What does it mean to play? For some children play may involve kicking a ball around outside with their peers for a good game of soccer. For other children, play might be an activity performed alone–painting on an easel or creating mixed media art. The act of play itself can take many shapes and forms, but it is the meaningful action of and outcome from play that defines it as a benefit for children.
The definition of play begins where rules and conformation end. Where a child is granted the freedom to imagine new rules, motions, communications, and ways of storytelling that revolve around their interests and experiences without being told they are “right or wrong.” Play begins as a creative outlet in the absence of the supervision, functional direction, or approval of others.
The Rules of Play
For a formal definition of play, most educators turn to a definition from Dr. Kenneth Rubin:
“Play is characterized as behaviour that is (a) intrinsically motivated; (b) focused on means rather than ends; (c) distinct from exploratory behavior; (d) nonliteral (involves pretense), (e) free from externally imposed rules; and (f) actively (not just passively) engaged in by the players.”
Source: The Handbook of Child Psychology, Rubin (1983).
1. Play should be self-chosen and self-directed.
Children should want to voluntarily engage in the activity for it to qualify as ‘play’. Children choose how to play, what they want to play, and with whom they wish to play. Their options may include independent play or learning activities which do not involve other peers, or group play, which contributes to social sharing and group dynamics.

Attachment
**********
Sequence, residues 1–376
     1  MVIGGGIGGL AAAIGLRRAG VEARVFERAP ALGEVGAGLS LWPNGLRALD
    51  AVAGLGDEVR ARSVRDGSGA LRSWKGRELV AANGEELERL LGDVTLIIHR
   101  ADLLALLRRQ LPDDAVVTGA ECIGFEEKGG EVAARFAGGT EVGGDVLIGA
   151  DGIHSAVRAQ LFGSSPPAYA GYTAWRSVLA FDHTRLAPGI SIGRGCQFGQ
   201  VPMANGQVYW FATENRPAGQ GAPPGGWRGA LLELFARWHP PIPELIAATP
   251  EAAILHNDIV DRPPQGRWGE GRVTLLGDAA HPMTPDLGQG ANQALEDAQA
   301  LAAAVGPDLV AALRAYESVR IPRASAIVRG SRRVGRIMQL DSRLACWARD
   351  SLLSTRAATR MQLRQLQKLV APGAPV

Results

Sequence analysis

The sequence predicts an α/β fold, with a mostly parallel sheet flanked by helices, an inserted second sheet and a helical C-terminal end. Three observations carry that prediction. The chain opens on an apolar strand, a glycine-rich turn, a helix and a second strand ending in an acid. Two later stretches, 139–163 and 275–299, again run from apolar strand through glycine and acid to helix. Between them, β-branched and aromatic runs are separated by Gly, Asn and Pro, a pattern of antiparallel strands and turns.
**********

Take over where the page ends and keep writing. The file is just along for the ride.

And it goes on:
To be self-chosen and self-directed, children should be able to determine when they wish to start or finish the activity, and experience the freedom of having no-rules of engagement, or establishing their own special rules to govern group play (and the means by which to enforce them).
2. Play should be imaginative.
Imagination is a key development factor for children, and it needs to be exercised and embraced in order for a child to develop critical thinking skills, creative expression, and problem solving abilities. Wherever possible, children should be provided with materials and opportunities to express their imagination, without being led in a specific direction or toward a planned creative outcome by adults.
3. Play should not be stressful or performance orientated.
If children feel that there is an expected outcome from their play, then the activity cannot accurately be defined as “play.” If there is a learning outcome implied, the child is not free to engage in self-directed play with the freedom of accomplishing nothing more than enjoying their own personal discovery or skills. Outcome expectations can be counted as educational but not a creative free-play activity, and any related pressure to that outcome is considered a stressor.
4. Play should actively involve the child in more than one sensory method.
Children retain lessons far easier when the learning process engages two or more physical or cognitive abilities. So, the more emotional and sensory involvement in the act of play, the greater the value is. From toddlers through the age of twelve years, children enjoy hands-on and sensory learning, which is why many playgrounds include musical instruments, sand or water play activities, physically challenging obstacles or structures, and much more.
When it comes to designing professional quality playground equipment, all of the beneficial cognitive development elements of play are included to ensure a variety of activities suitable for every age group and ability levels. From the speed at which the slide travels to the variation of climbing obstacles, from musical instruments to independent learning panels, playground designers aspire to engage all children in creative, free-play. We bet you didn’t know that that much thought and science went into the design of every play structure! Ask your playground expert for more information.